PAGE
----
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High-Quality Education Should Not be Exclusive to the Rich: Annotated Bibliography

Paper Type: Free Essay Subject: Education
Wordcount: 2323 words Published: 8th Feb 2020

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Inequalities amongst education on the basis of income has been a heavily discussed topic since it first arose around the 1970s. No matter how many articles, books, and research go into this issue, a solution has yet to be seen. Impoverished students walk into class the first day already behind and as the years progress, so does the achievement gap. The low-funded schools they attend and the results that arise due to the socioeconomic status of their families are only two of the many factors that contribute to this discrepancy. There are gross inequalities amongst low-income and economically disadvantaged districts, causing unfairness in educational opportunities. There are over 5.5 million students enrolled in educational programs. These are students who, despite their capacity for opportunity or abundance of interest in learning, are not provided a quality education due to their financial status. From providing enough resources to a safe learning environment, these issues are all encompassed when it comes to low-income schools and they need to be addressed because every student deserves the best opportunities to succeed and an education is key in order to do so.

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This research will focus on low-income students and the ways in which their academic performance is connected to the type of education they receive and the financial status of their families. Questions pursued are what factors affect academic performance? Does money make a difference when it comes to education? Can more money help close the achievement gap in economically disadvantaged school districts? In what ways are low-income schools and students at a disadvantage? What can be done to help low-income students who are already behind? The following bibliographic entries are categorized alphabetically.

 Beatty, Alexandra S. “Schools alone cannot close achievement gap: a multifaceted strategy can complement school reform by addressing the many out-of-school factors that affect academic performance.” Issues in Science and Technology, vol. 29, no. 3, 2013, p. 69+. Opposing Viewpoints in Context, http://link.galegroup.com/apps/doc/A331081926/OVIC?u=linde32981&sid=OVIC&xid=29453fc1. Accessed 5 Nov. 2018.

The weight of this study finds that factors contributing to academic performance goes beyond the classroom. Health and development, families and home environment, program responses, and intersection points in a child’s life all play a big part in a student’s life and chances of success in school. The importance of these factors is multiplied when applied to low-income students because they start school already behind and have a higher possibility of being exposed to things like inadequate school and home environments. This article also places a importance on early childhood intervention and displays how some of the most successful schools in the world are ones that invest in early childhood development and sustain the support throughout. This article would be helpful for the research paper because it shows how the socioeconomic status of a child is closely tied with the quality of education they receive and, thus, their academic performance.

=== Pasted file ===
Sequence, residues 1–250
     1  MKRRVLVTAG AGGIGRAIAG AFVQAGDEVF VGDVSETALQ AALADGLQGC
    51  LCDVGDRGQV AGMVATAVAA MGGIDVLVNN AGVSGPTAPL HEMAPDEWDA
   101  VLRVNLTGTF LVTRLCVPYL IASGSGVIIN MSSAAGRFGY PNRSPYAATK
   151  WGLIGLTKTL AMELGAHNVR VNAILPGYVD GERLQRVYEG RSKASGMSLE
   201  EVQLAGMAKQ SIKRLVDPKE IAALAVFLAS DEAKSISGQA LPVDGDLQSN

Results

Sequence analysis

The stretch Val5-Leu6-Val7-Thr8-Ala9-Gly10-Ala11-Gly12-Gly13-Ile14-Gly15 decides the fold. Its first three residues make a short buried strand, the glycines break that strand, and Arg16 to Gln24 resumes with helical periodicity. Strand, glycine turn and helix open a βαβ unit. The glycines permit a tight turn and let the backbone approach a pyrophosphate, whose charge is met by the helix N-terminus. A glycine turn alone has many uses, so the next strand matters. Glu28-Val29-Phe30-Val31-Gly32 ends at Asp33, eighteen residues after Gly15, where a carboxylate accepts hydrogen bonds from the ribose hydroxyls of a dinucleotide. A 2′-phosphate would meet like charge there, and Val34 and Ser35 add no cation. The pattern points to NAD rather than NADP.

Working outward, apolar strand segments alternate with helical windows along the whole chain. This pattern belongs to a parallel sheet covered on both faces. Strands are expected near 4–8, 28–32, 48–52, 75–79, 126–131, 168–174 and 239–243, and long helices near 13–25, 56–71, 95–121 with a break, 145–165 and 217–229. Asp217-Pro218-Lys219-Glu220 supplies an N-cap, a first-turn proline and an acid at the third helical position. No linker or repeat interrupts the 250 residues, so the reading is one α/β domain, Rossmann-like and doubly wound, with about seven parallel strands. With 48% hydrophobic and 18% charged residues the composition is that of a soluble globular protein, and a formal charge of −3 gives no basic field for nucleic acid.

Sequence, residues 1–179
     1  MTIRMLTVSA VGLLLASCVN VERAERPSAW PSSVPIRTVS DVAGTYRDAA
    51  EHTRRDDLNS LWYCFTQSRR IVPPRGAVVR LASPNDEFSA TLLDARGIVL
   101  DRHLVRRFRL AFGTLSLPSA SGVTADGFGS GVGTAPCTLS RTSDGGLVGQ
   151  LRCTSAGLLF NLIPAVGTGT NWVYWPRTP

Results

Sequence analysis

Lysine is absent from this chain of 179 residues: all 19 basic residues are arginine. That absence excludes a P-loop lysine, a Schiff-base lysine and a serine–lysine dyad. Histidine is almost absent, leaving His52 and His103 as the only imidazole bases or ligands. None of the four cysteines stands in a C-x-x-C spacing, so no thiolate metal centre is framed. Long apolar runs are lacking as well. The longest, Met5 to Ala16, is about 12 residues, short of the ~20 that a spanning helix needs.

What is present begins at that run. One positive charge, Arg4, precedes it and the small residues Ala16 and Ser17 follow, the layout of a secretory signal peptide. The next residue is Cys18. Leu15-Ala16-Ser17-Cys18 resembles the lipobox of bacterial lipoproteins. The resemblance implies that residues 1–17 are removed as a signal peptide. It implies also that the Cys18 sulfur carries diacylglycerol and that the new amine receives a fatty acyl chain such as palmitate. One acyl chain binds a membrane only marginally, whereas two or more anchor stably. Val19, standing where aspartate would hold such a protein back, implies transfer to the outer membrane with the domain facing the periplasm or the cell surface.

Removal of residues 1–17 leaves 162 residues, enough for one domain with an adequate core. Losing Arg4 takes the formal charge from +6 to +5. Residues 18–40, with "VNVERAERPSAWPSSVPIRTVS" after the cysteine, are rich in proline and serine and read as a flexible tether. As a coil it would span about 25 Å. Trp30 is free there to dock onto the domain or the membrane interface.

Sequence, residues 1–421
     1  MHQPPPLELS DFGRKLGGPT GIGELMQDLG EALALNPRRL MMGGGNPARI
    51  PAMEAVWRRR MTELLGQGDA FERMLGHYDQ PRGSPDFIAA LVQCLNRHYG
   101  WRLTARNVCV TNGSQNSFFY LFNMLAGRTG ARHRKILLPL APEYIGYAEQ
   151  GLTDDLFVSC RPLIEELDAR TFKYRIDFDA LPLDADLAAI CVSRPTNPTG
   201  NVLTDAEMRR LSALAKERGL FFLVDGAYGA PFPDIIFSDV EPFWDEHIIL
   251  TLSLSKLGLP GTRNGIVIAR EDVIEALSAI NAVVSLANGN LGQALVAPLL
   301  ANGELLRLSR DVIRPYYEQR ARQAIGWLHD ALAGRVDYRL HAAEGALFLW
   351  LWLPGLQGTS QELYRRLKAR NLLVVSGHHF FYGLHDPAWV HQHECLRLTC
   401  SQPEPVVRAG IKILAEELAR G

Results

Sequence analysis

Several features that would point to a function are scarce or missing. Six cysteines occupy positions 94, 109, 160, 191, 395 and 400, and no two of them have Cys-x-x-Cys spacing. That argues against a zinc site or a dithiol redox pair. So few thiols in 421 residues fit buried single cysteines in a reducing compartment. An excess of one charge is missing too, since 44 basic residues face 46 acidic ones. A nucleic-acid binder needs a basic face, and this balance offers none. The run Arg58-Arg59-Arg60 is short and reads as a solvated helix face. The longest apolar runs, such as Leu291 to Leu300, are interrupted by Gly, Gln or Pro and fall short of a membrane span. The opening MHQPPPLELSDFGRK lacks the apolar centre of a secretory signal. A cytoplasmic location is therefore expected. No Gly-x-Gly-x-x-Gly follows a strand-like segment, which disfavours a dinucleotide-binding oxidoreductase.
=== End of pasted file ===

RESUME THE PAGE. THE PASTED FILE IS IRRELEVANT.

Brown, Goldy, III, et al. “Leading for low income students: results from a study on school leaders in low income elementary schools.” Education, vol. 138, no. 1, 2017, p. 68+. Opposing Viewpoints in Context, http://link.galegroup.com/apps/doc/A506951824/OVIC?u=linde32981&sid=OVIC&xid=60ed027b. Accessed 5 Nov. 2018.

This research looks into the connection between effective leadership and increases in student achievement. It included a survey given to one-hundred and eight teachers in six low-income schools, and research was conducted based on their responses and the success, or lack of, these schools have already achieved. Of the six, three schools had won statewide or receive national recognition for closing the achievement gap and three were low performing. This research looks into why there is such a big difference between these schools and if it has to do with the leadership that is displayed. The findings show how vital it is to have effective leadership, especially in low-income schools, and how an absence of it can mean a world of difference when it comes to student achievement. This article would be a helpful aid to the research paper because it displays a factor of education that could be having a drastic effect on low-income student’s learning and school outcome. By putting an importance on providing and displaying school leadership, the achievement gap present in low-income schools could be significantly reduced.


Camera, Lauren. “Poor Students Rarely See Dollars From ‘Free College’ Programs.” U.S. News – The Report, Sept. 2018, pp. C34–C36. EBSCOhost, ezproxy.lindenwood.edu: 2048/login?url=http://search.ebscohost.com/login.aspx?direct=true&db=a9h&AN=131781657&site=ehost-live.

 Lauren Camera, an education reporter at U.S. News and World Report, looks into the politics behind providing free college programs and how there has been findings that these ‘free’ or debt-free’ college programs are helping students from middle and upper-income families, excluding where most of the help is needed for low-income students and families. It is shown that there is money out there to aid low-income students in making it to and through college, but most of this funding for free college programs goes towards covering the tuition of middle- and upper-income families because they are “not poor enough” to qualify for other types of aid that a lower-income student could. It is not taken into consideration that low-income students may be paying the same amount for college on paper, but they start that payment process with less money and less security in the fact they will be able to pay it off. This article would aid in writing the research paper because it displays the opportunities that low-income students are not available to because of their financial status.

Dennis, Danielle V. “Learning From the Past: What ESSA Has the Chance to Get Right.” Reading Teacher, vol. 70, no. 4, Jan. 2017, pp. 395–400. EBSCOhost, doi:10.1002/trtr.1538.